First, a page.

The coronavirus pandemic has brought most of the entertainment industry to a standstill. But while the likes of Netflix, Hulu, and Amazon have put productions on hold to protect their casts and crews, there’s one facet of the television landscape that’s figured out how to adapt to new environment: animated series.
As The Hollywood Reporter details, animation houses are finding ways to work around social-distancing restrictions. 20th Century Fox TV (now owned by Disney) is utilizing a program called Toon Boom to keep the teams behind The Simpsons, Family Guy, Bob’s Burgers, and the new show Duncanville collaborating on storyboards. (Toon Boom, incidentally, has waived its license fee for a month.) Before California’s Governor Gavin Newsom issued work-from-home orders, the network had already told Family Guy animators to take their Cintiq drawing tablets home, or purchased new ones for artists and directors to facilitate remote work.
Meanwhile, shows like Netflix’s Big Mouth are holding virtual table reads, while Family Guy is having its writers room meet over Zoom and holding score recordings remotely. Emily Spivey, the creator of Fox’s Bless the Harts, is running editing sessions over Skype, while Zoom is also being used for voiceover sessions. Of course, that audio won’t be usable for the actual episodes, but the actors are able to record themselves using high-quality microphones. Animators can use the Zoom recordings to get to work on their end, while the voice work can be layered in later in the process.
What’s more, plenty of shows already have multiple episodes of voice work in the can. As Family Guy co-showrunner Rich Appel explained,
“On shows that are lucky enough to have the budget to do it this way, like Family Guy, The Simpsons and Bob’s Burgers — and others — artists wait to get audio tracks and they adjust based on vocal performances they get. That doesn’t mean they can’t do it without audio track. We have a huge stockpile of audio tracks for next season for artists to work on. Yes, things have to be adjusted when we get the final audio but if push comes to shove, artists and animators can assign lip movements and facial acting to what they hear in their head. But we won’t reach that point for a few months because we have stockpile of episodes already recorded.”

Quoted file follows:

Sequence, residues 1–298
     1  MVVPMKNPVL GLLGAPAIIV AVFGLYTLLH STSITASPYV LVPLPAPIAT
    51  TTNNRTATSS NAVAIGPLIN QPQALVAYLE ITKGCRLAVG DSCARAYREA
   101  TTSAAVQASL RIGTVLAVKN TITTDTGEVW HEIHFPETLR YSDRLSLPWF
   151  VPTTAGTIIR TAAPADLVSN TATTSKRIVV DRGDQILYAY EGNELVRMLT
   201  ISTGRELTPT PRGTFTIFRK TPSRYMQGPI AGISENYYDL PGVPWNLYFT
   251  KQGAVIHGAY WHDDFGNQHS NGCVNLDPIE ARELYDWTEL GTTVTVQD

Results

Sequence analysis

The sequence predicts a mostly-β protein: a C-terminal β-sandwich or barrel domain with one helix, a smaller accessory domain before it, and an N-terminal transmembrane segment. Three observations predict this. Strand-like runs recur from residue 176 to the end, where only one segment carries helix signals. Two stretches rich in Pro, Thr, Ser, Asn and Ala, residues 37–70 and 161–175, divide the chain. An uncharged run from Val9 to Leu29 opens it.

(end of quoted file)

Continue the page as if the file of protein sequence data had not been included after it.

Part of the reason the transition has been so easy is that many studios had already shifted most of the production and post work in-house. Hulu’s Solar Opposites, the new series from Rick and Morty co-creator Justin Roiland, for example, only outsources mixing — to Margarita Mix, a company that’s also having its staffers work from home. Because of all this, series like Netflix’s Hoops, Apple’s Central Park, Hulu’s forthcoming Animaniacs reboot, Netflix’s Green Eggs & Ham, and HBO Max’s Gremlins: Secrets of the Mogwai have all been able to continue production with barely a missed step.
“Production hasn’t skipped a day or lost a beat,” said The Simpsons showrunner Al Jean. “We intend to do the 22 shows we were contracted to do…. There’s been no change in how we do things.”
Added Appel, “The key motivator is if a show shuts down, hundreds of people are likely not to be paid and you do feel a responsibility to artists, directors and writers, among others. Animation as a genre is well-suited to work from home.”
Those working in the animation section should be considered lucky, in that regard. Production on highly anticipated live-action series like Netflix’s Stranger Things, Hulu’s The Handmaiden’s Tale, Amazon’s Lord of the Rings, Apple’s The Morning Show, and FX’s Atlanta and Fargo have all halted filming. Even Saturday Night Live is on hiatus. Movies, too, have seen production suspended, such as The Batman, The Matrix 4, and the four Avatar sequels. In total, the COVID-19 pandemic could cause the worldwide film industry to lose in excess of $20 billion.
For a full list of impacted productions, music events, and more, check here.